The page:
Wall Street Now Digging Deep Into Weeds-Cannabis Comes of Age

November 14, 2017

Weed Market Update: Wall Street Now Wants In as Cannabis Comes of Age

Progress within the context of emerging markets and specific industry opportunities is often measured best by the degree of attention on the part of Wall Street and their private equity and venture capital cousins. Whilst the past 2 years has witnessed a growing number of newly-established professional investment firms and mini PE boutiques focused exclusively on the cannabis market, the estimated $250mil in cash these boutiques are deploying across dozens of small companies is a mere pittance when considering how quickly US states, including California, are moving with respect to full throttle legalization.

We already know that mainstream Wall Street investment banks (other than one or two second tier firms) have kept themselves recused and/or kept publicly quiet on the topic of underwriting and banking cannabis deals due to the inherent risk relating to legal issues and regulatory unknowns that sit like a cloud of pot smoke over the industry. And, even if cannabis  has come of age within the context of scientific and social acceptance–as evidenced by the number of US states that have gone legal in one form or another, the biggest impediment for Wall Street bankers and institutional investment funds to come to the cannabis party is the revenue management component of enterprises that ‘touch the flower’. Until recently, Wall Street and wing-tip investors have kept their wallets closed because transferring money or depositing funds relating to the sale of cannabis is prohibited under Federal Government law. But, as profiled by Institutional Investor magazine contributor Julie Segal, the investment industry’s perspective is evolving quickly…

Finance people see vast opportunity in former black markets: They are messy, opaque, cash-based, often without any records to speak of, and have plenty of holes to fill. It’s the stuff Wall Street careers are made of. When an investor successfully cleans up a mess, it is called alpha or excess returns. After the pot is smoked, the financial industry will take a business, document its process, build better systems, bring in professional managers, squeeze out efficiencies, and do a few mergers and acquisitions. Already in 2017 public companies have raised $1.4 billion in 177 equity and debt deals, compared with $543 million raised in 2016.

However much the cannabis industry has come up with ‘work-arounds’ to process proceeds from the sale of weed, mainstream investment bankers are mindful of the antiquated and misguided views expressed by the current US Attorney General as a reason for staying on the sidelines. Mr. Sessions has repeatedly called for the repeal of all state laws enabling the sale of medical or recreational Mary Jane, just as his sponsor, so-called President Trump has expressed his views that pot is bad stuff. Then again, Mr. Trump believes there is no such thing as global warming and he believes that Russian President Putin is being genuine when he says Russia has never and does not meddle in elections held by other countries.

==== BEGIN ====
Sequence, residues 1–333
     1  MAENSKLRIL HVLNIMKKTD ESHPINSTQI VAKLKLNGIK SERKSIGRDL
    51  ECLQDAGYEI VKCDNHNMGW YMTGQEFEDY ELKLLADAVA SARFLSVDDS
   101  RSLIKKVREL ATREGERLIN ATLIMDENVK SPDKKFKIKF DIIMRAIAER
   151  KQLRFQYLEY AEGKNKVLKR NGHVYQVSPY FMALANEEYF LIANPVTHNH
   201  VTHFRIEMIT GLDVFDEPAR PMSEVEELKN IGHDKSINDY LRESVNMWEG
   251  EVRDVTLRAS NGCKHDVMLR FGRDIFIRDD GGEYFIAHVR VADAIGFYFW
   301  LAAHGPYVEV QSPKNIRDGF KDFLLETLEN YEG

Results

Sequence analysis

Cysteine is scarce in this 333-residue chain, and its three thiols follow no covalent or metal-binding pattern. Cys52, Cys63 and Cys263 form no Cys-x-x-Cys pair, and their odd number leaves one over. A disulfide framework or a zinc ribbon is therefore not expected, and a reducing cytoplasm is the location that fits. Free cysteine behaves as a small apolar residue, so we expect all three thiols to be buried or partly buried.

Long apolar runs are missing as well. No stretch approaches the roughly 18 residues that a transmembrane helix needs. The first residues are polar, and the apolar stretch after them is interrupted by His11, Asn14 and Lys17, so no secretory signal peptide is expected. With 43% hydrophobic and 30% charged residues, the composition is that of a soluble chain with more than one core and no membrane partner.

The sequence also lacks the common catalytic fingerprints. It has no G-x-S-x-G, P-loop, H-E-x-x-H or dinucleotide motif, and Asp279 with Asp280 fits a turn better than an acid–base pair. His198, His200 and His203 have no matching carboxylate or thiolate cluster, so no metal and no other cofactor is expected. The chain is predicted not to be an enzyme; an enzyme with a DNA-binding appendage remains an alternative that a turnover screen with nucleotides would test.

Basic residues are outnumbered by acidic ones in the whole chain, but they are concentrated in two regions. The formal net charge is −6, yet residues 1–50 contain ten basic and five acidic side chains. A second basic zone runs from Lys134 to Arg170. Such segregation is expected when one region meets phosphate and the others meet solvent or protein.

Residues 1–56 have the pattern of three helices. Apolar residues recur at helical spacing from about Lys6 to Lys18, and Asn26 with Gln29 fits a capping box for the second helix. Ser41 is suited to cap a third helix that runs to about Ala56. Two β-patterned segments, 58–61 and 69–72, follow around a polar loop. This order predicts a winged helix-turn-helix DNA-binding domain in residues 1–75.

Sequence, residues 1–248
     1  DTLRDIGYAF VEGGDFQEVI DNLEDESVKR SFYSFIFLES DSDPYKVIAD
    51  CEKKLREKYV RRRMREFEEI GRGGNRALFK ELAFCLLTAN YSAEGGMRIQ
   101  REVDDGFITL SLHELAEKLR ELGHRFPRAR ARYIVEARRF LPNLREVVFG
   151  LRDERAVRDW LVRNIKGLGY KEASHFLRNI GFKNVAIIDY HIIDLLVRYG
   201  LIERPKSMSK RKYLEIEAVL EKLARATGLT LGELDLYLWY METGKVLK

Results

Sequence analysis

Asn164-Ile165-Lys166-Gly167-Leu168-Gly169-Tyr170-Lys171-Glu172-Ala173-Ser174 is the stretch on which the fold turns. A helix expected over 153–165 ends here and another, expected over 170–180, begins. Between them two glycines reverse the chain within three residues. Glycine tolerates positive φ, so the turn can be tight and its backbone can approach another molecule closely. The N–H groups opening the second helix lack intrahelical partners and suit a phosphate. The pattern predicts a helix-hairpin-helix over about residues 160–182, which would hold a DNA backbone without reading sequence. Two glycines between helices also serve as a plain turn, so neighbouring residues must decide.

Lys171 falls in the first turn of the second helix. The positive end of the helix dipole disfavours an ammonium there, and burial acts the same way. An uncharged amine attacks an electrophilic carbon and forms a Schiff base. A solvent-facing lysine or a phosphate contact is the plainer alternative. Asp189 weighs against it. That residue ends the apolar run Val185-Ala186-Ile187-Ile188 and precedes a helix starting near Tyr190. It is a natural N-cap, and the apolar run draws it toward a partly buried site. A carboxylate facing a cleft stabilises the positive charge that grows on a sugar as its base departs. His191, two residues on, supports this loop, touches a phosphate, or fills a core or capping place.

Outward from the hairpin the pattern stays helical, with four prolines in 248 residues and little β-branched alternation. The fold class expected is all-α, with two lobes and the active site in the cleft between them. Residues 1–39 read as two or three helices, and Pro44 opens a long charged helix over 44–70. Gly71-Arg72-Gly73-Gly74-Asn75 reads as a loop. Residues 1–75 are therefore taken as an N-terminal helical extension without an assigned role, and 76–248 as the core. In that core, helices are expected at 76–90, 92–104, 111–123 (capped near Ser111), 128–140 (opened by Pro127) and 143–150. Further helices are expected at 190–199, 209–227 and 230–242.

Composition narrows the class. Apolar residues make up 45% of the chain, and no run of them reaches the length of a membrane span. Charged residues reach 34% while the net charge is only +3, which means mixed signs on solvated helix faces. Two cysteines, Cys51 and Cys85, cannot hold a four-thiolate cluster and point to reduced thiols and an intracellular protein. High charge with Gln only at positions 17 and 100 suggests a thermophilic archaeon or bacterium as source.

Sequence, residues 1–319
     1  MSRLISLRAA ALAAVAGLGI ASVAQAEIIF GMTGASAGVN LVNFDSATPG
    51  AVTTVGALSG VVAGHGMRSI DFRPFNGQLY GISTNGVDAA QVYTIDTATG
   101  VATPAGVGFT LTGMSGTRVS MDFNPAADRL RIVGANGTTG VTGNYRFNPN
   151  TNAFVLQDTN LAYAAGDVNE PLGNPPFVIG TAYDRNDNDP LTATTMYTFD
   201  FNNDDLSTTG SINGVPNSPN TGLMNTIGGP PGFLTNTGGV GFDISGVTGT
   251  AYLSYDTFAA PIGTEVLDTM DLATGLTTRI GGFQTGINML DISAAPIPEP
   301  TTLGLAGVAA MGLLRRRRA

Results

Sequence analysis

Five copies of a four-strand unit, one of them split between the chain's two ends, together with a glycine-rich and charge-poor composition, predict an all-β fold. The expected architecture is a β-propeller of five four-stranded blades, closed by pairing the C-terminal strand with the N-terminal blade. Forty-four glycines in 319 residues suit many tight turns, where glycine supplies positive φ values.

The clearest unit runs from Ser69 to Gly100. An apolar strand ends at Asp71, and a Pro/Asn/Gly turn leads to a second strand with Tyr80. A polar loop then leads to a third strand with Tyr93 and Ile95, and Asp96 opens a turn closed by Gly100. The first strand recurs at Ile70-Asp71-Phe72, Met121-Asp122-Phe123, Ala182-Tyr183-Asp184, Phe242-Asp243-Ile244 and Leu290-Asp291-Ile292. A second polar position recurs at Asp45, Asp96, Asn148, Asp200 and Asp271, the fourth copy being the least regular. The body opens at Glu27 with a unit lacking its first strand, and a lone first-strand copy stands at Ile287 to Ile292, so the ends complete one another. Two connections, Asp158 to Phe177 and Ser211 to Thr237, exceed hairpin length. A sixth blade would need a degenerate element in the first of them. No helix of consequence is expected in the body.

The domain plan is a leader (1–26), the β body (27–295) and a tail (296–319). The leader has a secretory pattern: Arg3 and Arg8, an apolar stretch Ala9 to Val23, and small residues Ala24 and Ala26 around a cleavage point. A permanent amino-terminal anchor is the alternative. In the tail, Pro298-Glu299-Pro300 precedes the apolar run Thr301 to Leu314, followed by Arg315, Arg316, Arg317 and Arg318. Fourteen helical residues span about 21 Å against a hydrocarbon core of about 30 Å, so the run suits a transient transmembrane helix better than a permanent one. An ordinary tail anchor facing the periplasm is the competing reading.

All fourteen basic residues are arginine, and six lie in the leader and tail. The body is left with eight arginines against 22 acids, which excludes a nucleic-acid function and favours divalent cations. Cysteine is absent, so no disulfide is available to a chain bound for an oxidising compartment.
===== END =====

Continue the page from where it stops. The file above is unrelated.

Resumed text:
But, the tide seems to be turning on Wall Street, if only because bankers there can never allow a good opportunity to go un-funded and rule of thumb is to never overlook opportunities that can be exploited.

Prospectus.com has advanced a number of business plans and private placement memorandums for cannabis industry entrepreneurs; the services are detailed here

Courtesy of Institutional Investor, extract below frames how the tides are turning…

Steve DeAngelo has two gray pigtails, a felony drug conviction, and $150 million invested on his ArcView platform.

“What I see happening now is the fruition of all the hippie pioneers’ most cherished dreams,” says DeAngelo. He’s a leader in the tie-dyed culture that nurtured cannabis under prohibition and, soon, out of it.

Semilegal weed has sparked a Wall Street land grab. DeAngelo uniquely has a foot in each world, and arms open to the inrushing suits. Hippie culture can not only survive financialization, he argues, but needs it to help spread the plant magic worldwide. Since the early days, “we felt that if more people consumed cannabis, the world would become more peaceful, more sustainable, more just, and a more pleasant and fun place to live in.”

For the entire II article, click here

Weed Market Update: Wall Street Now Wants In as Cannabis Comes of Age